Exploring By The Seat Of Your Pants is a new site that you may find interesting.
Quote from their website: "The primary goal of Exploring By The Seat Of Your Pants is to knockdown the classroom walls and take students anywhere in the world, never having to leave their desks. We aim to accomplish this by connecting students with unique guest speaker lessons and virtual field trips from around the world. Our focus is providing lessons related to science, adventure and conservation, but won't be limited to these areas!"
Looking for stunning 360 panoramas?Check out Air Pano
AirPano is a not-for-profit project focused on high-resolution spherical panorama shots from a bird’s eye view. Being the largest resource for 360° aerial panoramas and virtual tours in the world – by geographical coverage, number of aerial photographs, and artistic and technical quality of the images, AirPano has already photographed over two hundred most interesting locations on our planet. There are nearly two thousand 360° panoramas on our website at the moment.
Bromo-Volcano-Indonesia ( this may take a minute to load)
Scholastic has some great virtual field trips. Some, like this one are tied to books or even take you on a trip to a museum. http://www.scholastic.com/teachers/collection/teaching-brian-selznick-including-virtual-field-trip
Google has launched their new Expeditions virtual reality system and has been getting a lot of press about it. You can read more about it on their blog or check out the NY Times article from 9/29/15
Here's a short quote from these articles:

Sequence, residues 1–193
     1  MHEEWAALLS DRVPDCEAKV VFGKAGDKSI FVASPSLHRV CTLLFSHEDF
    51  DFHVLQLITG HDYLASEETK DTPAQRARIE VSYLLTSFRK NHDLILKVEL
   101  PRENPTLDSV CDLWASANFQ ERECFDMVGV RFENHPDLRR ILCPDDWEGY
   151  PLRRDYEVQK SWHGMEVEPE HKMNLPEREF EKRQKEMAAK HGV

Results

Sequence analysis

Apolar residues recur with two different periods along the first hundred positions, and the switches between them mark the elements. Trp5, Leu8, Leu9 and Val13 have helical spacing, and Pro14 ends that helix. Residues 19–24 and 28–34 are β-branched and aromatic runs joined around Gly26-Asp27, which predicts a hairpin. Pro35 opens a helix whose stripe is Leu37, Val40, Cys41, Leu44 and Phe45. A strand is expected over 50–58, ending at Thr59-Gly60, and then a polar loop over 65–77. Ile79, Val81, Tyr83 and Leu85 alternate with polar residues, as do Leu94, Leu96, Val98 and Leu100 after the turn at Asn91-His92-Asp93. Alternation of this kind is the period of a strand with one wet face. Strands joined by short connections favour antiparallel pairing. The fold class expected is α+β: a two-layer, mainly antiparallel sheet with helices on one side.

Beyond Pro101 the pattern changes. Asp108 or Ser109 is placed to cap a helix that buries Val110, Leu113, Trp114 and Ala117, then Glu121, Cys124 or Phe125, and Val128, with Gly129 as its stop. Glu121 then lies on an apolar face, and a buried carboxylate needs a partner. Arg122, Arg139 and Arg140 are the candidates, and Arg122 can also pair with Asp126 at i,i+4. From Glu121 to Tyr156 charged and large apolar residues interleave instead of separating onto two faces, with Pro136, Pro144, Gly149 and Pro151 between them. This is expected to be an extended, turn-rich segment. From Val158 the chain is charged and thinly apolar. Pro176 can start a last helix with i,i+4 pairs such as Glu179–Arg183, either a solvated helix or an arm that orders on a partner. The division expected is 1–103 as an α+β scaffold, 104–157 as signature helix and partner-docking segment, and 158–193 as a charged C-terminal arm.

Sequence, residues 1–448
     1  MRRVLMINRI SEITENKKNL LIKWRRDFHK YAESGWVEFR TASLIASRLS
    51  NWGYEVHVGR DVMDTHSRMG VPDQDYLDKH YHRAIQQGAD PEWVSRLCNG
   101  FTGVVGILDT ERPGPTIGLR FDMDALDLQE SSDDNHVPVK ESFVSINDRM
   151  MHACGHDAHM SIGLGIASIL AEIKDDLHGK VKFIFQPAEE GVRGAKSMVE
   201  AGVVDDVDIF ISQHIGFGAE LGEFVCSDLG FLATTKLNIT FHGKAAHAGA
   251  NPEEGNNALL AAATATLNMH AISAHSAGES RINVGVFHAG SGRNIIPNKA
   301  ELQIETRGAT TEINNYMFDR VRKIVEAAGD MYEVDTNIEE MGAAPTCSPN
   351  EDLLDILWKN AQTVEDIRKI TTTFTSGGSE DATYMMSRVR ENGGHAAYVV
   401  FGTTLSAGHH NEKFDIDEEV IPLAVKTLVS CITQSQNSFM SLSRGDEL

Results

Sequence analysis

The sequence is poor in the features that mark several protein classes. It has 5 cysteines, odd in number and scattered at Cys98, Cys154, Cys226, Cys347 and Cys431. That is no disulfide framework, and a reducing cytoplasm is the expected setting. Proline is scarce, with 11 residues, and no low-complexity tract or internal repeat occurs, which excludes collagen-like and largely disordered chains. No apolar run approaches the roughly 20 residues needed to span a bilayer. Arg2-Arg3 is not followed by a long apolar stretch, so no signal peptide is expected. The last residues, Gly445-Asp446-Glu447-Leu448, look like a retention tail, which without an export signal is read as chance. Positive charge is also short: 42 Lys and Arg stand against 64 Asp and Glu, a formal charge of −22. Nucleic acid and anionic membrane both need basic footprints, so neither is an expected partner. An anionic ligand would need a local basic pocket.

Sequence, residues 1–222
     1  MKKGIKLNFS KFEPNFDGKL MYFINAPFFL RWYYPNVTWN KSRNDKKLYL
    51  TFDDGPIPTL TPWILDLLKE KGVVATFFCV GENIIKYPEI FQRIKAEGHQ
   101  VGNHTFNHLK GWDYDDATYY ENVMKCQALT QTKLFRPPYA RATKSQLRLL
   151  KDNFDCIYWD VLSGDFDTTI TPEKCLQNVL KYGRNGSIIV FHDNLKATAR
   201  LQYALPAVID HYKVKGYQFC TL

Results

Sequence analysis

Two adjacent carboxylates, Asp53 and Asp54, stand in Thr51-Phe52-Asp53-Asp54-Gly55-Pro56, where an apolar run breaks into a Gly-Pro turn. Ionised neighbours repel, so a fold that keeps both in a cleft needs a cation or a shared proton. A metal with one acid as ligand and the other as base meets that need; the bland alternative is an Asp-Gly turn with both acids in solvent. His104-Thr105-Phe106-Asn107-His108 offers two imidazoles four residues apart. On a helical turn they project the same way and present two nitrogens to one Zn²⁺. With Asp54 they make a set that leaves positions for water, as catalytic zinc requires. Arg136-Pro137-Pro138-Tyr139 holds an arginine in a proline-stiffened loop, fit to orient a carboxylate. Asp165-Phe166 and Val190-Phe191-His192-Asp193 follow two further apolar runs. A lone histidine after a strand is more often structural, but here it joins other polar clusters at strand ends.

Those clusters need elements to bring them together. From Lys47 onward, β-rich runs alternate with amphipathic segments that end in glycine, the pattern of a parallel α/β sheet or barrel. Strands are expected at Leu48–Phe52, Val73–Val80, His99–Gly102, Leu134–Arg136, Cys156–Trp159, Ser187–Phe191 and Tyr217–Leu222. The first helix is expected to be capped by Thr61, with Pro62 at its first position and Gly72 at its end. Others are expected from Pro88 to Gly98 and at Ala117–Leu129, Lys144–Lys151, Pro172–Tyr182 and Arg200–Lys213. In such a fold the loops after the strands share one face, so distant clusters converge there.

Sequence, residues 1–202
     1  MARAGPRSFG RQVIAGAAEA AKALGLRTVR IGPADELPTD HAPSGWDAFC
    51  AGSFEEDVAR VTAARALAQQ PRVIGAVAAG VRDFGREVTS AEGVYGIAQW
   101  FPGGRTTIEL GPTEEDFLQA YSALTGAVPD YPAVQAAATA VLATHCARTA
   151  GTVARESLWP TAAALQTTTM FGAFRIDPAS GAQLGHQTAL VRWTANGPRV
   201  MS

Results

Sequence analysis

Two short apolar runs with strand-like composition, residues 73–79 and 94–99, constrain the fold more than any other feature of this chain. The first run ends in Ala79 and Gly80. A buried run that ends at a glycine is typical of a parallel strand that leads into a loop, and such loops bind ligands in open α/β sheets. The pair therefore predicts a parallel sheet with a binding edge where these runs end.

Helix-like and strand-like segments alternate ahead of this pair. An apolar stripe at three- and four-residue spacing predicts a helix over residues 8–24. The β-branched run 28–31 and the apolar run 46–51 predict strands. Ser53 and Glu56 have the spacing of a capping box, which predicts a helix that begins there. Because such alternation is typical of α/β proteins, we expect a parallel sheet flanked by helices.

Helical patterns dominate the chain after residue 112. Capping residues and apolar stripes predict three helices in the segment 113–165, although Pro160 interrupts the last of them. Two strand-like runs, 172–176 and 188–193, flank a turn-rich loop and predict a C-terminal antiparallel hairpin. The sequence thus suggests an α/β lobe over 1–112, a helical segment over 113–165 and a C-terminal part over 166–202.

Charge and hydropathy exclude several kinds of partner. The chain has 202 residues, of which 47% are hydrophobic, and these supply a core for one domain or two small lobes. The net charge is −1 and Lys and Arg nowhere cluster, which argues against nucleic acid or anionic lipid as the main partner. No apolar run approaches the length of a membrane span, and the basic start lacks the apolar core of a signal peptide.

"These trips were all made possible by Expeditions, a new educational tool coming this fall that allows teachers to take their classes on field trips to anywhere. From the Expeditions app on their tablet, a teacher is able to send synchronized three-dimensional 360° panoramas to each student’s Cardboard viewer, pointing out areas of interest in real time and instantly pausing the trip when needed. Used in conjunction with existing lessons and curriculum, Expeditions immerses students in experiences that bring abstract concepts to life and provide a deeper understanding of the world beyond the classroom."
Skype Virtual Field Trips
Using Skype or other ways to virtually break down your classroom walls is not only a great way to connect with other classrooms around the world, but you can also go on virtual field trips. You can virtually visit other places in the world and SKype with experts in various fields.
The following video is an example: " Journalist Anna Therese Day introduces students from a local school on the remote island of Kiribati with a group of American students in Seattle to talk about climate change and give the kids a chance to gain a new perspective on the issue. Check out Skype in the Classroom for more lessons about the environment. "
Discovery Education is another great resource for virtual field trips. They have a collection of archived virtual fieldtrips that you can watch, new trips coming up and currently have a wonderful trip to Kilimanjaro that they are broadcasting. Here are thecurrent links and the archived trips.
An old favorite of mine is Google Lit trips. You can use Google Earth or Google Maps to create your own trip around any topic, but I always enjoy the trips about books.
This is a quote from the site :
"So What exactly are Google Lit Trips?
The short version is simple. Google Lit Trips are free downloadable files that mark the journeys of characters from famous literature on the surface of Google Earth. At each location along the journey there are placemarks with pop-up windows containing a variety of resources including relevant media, thought provoking discussion starters, and links to supplementary information about “real world” references made in that particular portion of the story. "
Whoops- Almost forgot... Google Map Tour Builder. This is in beta, but has potential. Like building a tour with Google Earth, but looks easier to use. Here's an example from a 5th grade teacher.
Still Looking for more? Check out the Connected Classrooms Workshop a Google plus community online... lots of ways to connect as well as virtual field trips.